Research Article: The impact of BMI on clinical progress, response to treatment, and disease course in patients with differentiated thyroid cancer

Date Published: October 1, 2018

Publisher: Public Library of Science

Author(s): Danuta Gąsior-Perczak, Iwona Pałyga, Monika Szymonek, Artur Kowalik, Agnieszka Walczyk, Janusz Kopczyński, Katarzyna Lizis-Kolus, Tomasz Trybek, Estera Mikina, Dorota Szyska-Skrobot, Klaudia Gadawska-Juszczyk, Stefan Hurej, Artur Szczodry, Anna Słuszniak, Janusz Słuszniak, Ryszard Mężyk, Stanisław Góźdź, Aldona Kowalska, Paula Soares.


Obesity is a serious health problem worldwide, particularly in developed countries. It is a risk factor for many diseases, including thyroid cancer. The relationship between obesity and prognostic factors of thyroid cancer is unclear.

We sought to ascertain the relationship between body mass index (BMI) and clinicopathological features increasing the risk of poor clinical course, treatment response, and clinical outcome in patients with differentiated thyroid cancer (DTC).

The study included 1181 patients with DTC (88% women and 12% men) treated at a single center from 2000 to 2016. BMI before surgery and aggressive clinicopathological features, according to the American Thyroid Initial Risk stratification system, were analyzed. The relationship between BMI and initial risk, treatment response, and final status of the disease was evaluated, incorporating the revised 2015 American Thyroid Association guidelines and the 8th edition of the American Joint Committee on Cancer/Tumor-Node-Metastasis (AJCC/TNM) staging system. Patients were stratified according to the World Health Organization classification of BMI. Statistical analysis was performed using univariate and multivariate logistic regression analysis.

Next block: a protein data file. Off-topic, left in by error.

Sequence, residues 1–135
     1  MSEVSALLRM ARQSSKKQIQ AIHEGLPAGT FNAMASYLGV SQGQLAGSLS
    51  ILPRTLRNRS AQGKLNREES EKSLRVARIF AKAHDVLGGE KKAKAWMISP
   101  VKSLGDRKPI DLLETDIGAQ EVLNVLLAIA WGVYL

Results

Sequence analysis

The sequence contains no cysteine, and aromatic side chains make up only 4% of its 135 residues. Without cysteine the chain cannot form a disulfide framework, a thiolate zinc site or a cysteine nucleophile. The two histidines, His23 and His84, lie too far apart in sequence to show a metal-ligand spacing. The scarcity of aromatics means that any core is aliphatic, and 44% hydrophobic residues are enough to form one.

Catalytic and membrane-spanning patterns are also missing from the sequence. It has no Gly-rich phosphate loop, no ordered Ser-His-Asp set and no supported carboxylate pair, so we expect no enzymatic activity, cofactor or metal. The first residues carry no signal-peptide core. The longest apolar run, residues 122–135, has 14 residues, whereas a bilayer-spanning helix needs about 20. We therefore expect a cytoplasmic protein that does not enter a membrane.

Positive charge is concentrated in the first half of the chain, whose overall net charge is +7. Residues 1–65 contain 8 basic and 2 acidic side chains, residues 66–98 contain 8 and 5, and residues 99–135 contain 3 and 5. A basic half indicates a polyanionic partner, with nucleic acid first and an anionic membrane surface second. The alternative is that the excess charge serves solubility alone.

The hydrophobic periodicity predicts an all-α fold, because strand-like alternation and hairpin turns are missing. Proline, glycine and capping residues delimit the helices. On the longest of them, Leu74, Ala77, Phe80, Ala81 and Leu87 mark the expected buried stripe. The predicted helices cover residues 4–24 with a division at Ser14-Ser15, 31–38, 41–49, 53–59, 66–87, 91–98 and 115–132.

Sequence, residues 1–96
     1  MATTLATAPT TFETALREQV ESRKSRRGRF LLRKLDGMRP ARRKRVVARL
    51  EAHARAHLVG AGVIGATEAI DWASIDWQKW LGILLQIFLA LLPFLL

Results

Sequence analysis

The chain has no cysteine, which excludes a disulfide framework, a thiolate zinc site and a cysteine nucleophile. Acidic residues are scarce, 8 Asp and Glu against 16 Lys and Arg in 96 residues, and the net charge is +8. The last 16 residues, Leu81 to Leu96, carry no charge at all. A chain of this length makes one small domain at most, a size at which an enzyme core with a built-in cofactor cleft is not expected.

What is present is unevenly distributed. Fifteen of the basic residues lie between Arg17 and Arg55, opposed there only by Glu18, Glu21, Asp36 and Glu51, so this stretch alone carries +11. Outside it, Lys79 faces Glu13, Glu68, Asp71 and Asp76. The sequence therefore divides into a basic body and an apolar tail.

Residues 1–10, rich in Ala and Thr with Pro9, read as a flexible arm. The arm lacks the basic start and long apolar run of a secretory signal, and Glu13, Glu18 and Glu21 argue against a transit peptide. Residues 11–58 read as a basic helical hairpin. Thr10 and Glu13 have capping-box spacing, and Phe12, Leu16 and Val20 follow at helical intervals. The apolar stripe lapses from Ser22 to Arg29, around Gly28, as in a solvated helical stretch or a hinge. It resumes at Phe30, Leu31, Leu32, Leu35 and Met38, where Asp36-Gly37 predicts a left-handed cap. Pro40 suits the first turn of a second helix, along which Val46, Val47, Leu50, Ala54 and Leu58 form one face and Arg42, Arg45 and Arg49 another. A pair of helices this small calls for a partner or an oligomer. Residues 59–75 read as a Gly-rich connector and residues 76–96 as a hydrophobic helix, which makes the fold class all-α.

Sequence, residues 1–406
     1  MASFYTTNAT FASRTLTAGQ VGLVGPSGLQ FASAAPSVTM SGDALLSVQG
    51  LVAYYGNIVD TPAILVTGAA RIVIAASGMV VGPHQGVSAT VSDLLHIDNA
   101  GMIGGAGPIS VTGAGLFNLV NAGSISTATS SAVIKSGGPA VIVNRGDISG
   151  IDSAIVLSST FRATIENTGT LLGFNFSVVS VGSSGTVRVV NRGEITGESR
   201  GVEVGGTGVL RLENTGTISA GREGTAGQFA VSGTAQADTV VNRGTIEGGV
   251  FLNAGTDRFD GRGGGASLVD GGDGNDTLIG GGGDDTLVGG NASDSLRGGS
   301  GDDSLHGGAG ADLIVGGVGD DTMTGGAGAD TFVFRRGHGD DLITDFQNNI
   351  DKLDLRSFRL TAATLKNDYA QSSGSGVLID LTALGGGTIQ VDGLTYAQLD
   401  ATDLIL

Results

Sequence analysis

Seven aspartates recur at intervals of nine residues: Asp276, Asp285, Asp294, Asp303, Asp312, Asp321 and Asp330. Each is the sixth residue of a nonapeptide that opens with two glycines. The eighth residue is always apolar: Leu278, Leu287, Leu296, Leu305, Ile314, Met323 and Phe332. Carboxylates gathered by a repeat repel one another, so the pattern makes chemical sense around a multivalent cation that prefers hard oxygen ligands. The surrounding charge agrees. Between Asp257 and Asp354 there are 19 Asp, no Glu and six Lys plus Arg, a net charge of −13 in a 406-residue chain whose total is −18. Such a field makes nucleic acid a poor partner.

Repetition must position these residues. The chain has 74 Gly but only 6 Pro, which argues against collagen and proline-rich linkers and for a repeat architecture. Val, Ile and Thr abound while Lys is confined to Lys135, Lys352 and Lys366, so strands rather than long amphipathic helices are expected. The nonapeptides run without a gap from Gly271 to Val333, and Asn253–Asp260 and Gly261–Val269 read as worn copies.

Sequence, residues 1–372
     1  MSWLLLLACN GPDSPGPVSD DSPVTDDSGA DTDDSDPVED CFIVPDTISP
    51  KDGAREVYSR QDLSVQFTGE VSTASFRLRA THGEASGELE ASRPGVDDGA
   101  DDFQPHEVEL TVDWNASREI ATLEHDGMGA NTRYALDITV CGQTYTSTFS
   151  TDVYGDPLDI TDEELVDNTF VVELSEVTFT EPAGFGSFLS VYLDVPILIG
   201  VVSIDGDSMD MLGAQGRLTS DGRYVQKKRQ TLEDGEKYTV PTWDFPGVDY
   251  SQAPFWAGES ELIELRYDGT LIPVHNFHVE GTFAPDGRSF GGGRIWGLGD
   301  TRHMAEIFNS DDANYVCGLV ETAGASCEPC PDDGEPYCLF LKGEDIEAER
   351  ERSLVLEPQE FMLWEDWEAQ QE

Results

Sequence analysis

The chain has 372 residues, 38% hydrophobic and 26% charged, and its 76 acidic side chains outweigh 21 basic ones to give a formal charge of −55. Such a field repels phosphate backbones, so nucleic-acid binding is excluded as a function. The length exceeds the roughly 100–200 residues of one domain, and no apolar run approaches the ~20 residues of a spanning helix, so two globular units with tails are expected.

Median follow-up was 7.7 years (1–16 years). There were no significant associations between BMI and extrathyroidal extension (microscopic and gross), cervical lymph node metastasis, or distant metastasis in univariate and multivariate analyses. BMI did not affect initial risk, treatment response or disease outcome. Obesity was more prevalent in men (p = 0.035) and in patients ≥55 years old (p = 0.001). There was no statistically significant relationship between BMI and more advanced TNM stage in patients ≤55 years old (stage I vs. stage II) (p = 0.266) or in patients >55 years old (stage I–II vs. III–IV) (p = 0.877).

Obesity is not associated with more aggressive clinicopathological features of thyroid cancer. Obesity is not a risk factor for progression to more advanced stages of disease, nor is it a prognostic factor for poorer treatment response and clinical outcome.

Partial Text

Differentiated thyroid cancer (DTC) is the most common endocrine cancer worldwide, and incidence of this cancer, especially of the papillary carcinoma (PTC) type, has been increasing for several decades [1–5]. To a large extent, this increase is related to better access to modern diagnostic imaging and biopsies, which contribute to improved detection of early stages of PTC that might have remained undiagnosed in the past [5–9]. However, some authors report an increase in the number of invasive, large, or small thyroid cancers [2, 10–12], which suggests a real increase in the incidence of thyroid cancer. Improvements in the quality of imaging studies alone cannot explain the increased incidence of DTC. Genetic and environmental factors, such as exposure to ionizing radiation and iodine consumption, as well as factors associated with lifestyle, are also associated with the increase in cancer incidence [13–15].

Obesity is a serious global health problem, especially in developed countries, and its prevalence is increasing. It is the cause of many chronic diseases and has been linked to some types of cancer [38–40]. It has been posited that thyroid cancer is related to obesity [18], and the rise in the number of new thyroid cancer cases in recent decades may be due in part to the increased prevalence of obesity [21, 41–43]. However, a causal link between obesity and thyroid cancer is not widely accepted. A retrospective study of fine-needle aspiration biopsies of 4849 thyroid nodules showed no relationship between obesity and cancer risk; the incidence of suspicious or malignant nodules did not differ between five BMI groups (normal body weight, overweight, and Grade 1–3 obesity) [44]. Similarly, no association was found between obesity and thyroid cancer in a study of people undergoing preventive screening for various risk factors for thyroid cancer [45], nor in one other cohort study [24, 46].




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